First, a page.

Another iteration of a familiar (and challenging) commonplace dish.
<<50>> Gepraten arbaiss
Prepare a lye (chaltguss) and boil the peas in that, remove the skins and then boil them until they are done. Pound them in a mortar, add honey, and add grated bread with 6 egg yolks and fat. Take a wooden skewer and shape (the mass into) a roast. Lay it by (the fire) and roast it until its is done. Baste it with hot fat.
This recipe is not conceptually difficult: Peas are shelled using lye (a commonly mentioned method), then boiled in fresh water (the recipe omits this commonplace instruction, but it should probably be mentioned), mashed, worked into a dough, and spit-roasted. Actually getting it to work is not that easy, though, and while I do not doubt medieval cooks were able to turn this into a worthwhile dish, I have yet to figure out how.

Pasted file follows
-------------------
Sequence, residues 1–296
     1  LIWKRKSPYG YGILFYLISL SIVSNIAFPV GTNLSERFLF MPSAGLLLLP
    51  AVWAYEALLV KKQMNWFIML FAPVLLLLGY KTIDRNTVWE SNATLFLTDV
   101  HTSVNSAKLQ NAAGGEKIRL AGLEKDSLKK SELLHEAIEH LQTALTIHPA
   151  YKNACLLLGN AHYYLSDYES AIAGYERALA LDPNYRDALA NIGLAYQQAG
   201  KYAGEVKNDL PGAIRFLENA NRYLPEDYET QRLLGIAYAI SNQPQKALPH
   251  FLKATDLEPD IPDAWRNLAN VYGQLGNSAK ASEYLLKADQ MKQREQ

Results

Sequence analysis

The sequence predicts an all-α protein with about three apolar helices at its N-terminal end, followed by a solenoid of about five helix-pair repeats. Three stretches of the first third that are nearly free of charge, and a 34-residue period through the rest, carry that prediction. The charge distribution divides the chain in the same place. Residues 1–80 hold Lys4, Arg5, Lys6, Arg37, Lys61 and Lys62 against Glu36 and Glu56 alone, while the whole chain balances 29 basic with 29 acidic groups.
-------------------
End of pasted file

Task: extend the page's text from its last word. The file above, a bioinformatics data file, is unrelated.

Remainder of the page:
The Inntalkochbuch is from a monastic library in Bavaria’s Inntal region (the Inn is a tributary of the Danube), dating to the late 15th/early 16th century. It is written in Upper German and strongly reflects local culinary traditions, though some of its recipes are commonplaces found elsewhere.